According to the Abarbanel and Metzudas David, King Solomon studied the countenance of each woman as they presented their claims and counter-claims, and by means of his penetrating and heavenly wisdom, understood which of the two women was telling the truth.

Still, to prove this to the people, he had to demonstrate it in a way that everyone would acknowledge. Perhaps that is why he pretended not to know who said what, and repeated their arguments in reverse order, by repeating Woman #2’s argument first, and Woman #1’s argument second.

He even pretended to apply the well-known law of dividing disputed property. If two people come to court holding on to the ends of a piece of clothing, and each claims it to be his, the court divides it and gives each one half. King Solomon seemed to pretend to be ignorant of the many complicated details of this law, and to think that it applied to babies as well, which would have been ridiculously simpleminded. No judge would ever make such a foolish mistake. Yet, he succeeded in convincing the two women that he was serious.

Nonetheless, he was careful not to let the trick go too far. He specifically commanded his servants to bring the sword to him, not to give it to one of the guards. They too, were no doubt fooled and he did not want them to divide the baby before he had a chance to stop them. In fact, the King’s ministers said “Woe to you Oh Land, whose king is but a boy!” They thought “what has God done to us to give us such a king? How long will we have to suffer with such foolish judgments?” But afterwards, when they saw the women’s reactions they knew that he had recently received Divine inspiration and rejoiced saying “Happy are you, oh Land, whose king is a free man!” – i.e., one who studies Torah (Koheles – Ecclesiastes 10:16-17).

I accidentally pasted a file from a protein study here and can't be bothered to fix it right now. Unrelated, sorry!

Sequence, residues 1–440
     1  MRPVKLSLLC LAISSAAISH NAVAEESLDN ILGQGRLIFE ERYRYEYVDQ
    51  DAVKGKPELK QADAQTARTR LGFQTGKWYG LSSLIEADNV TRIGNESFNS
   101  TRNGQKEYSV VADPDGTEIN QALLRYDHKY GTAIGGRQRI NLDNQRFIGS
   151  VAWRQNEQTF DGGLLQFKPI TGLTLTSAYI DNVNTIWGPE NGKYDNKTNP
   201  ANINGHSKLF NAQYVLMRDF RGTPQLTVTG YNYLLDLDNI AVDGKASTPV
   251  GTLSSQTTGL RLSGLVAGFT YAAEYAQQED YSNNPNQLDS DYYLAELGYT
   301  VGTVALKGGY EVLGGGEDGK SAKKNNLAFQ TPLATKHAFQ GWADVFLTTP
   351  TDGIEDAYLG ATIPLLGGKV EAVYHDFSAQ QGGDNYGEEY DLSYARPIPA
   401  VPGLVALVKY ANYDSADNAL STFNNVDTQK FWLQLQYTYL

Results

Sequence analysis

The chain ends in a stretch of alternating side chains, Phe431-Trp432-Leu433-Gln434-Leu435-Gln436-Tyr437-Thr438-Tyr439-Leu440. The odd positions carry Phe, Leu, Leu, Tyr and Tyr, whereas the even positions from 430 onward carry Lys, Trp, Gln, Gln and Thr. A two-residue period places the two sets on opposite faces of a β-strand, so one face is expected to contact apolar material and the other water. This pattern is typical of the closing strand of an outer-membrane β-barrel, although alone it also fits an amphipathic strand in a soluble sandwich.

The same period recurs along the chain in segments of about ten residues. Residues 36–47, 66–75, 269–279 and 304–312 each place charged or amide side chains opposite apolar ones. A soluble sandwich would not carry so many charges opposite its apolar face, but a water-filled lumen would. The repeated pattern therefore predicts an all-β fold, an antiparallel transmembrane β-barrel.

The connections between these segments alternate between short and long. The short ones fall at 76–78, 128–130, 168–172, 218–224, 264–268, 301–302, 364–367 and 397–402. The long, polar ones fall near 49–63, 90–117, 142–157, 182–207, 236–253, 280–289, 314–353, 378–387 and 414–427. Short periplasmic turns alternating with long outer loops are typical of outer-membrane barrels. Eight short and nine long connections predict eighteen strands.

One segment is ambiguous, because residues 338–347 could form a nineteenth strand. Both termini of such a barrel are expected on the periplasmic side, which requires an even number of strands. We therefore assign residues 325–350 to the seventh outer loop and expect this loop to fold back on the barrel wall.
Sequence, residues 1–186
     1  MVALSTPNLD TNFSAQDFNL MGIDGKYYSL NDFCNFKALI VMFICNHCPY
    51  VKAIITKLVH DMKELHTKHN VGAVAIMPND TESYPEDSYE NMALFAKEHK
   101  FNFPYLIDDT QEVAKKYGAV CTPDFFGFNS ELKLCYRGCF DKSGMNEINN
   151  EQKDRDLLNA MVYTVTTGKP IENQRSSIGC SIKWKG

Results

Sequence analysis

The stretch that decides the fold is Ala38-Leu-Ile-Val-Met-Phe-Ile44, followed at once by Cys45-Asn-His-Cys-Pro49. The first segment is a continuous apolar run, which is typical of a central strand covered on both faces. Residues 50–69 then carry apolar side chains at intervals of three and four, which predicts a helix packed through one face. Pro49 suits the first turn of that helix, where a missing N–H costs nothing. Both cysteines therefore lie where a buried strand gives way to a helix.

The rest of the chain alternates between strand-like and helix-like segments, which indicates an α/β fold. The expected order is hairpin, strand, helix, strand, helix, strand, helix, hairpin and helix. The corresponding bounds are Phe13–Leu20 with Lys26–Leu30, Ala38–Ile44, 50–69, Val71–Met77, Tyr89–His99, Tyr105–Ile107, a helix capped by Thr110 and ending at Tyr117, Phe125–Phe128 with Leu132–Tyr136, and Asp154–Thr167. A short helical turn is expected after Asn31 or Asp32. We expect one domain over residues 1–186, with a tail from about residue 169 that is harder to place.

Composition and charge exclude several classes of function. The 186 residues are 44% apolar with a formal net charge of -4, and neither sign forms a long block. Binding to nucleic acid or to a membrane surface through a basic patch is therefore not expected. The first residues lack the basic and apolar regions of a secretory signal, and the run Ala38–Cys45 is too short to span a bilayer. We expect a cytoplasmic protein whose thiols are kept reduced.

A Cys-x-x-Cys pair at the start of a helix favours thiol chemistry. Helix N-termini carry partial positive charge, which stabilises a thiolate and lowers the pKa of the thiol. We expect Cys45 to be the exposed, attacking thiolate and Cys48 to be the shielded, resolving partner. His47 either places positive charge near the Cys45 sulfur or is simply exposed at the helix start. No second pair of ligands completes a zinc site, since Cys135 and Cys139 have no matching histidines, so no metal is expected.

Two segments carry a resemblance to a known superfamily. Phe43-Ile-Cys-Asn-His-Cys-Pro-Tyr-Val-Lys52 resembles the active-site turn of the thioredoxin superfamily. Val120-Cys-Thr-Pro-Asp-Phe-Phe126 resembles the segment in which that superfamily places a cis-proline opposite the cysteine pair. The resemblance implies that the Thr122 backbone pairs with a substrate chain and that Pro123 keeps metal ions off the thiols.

King Solomon’s trick succeeded. The imposter revealed herself by her heartless cruelty. After all, no mother would have let her own child be killed just to spite another woman.

But how could King Solomon have been sure the other woman would not also have mercy on the child? Wouldn’t most people break down in such a situation and relinquish their claims? What sort of person would want to be responsible for the death of an innocent child, even if it were not her own?

Perhaps this was an aspect of the depth of King Solomon’s insight – he knew that no normal mother lies on her own child and crushes him in her sleep. Babies always sleep with their mothers and fathers, yet this never happens, for perhaps God implants within a human being an innate sensitivity that prevents her from doing such a thing. A woman who lies on her child must be lacking basic human feeling, and such a person would certainly have no mercy on the child of another. According to the Abarbanel, perhaps such a woman developed a blood lust and possessed a cruel desire to see another life snuffed out.

And what of the compassionate one? Was it not possible that she was acting cunningly to impress the King with a false sense of motherly commiseration?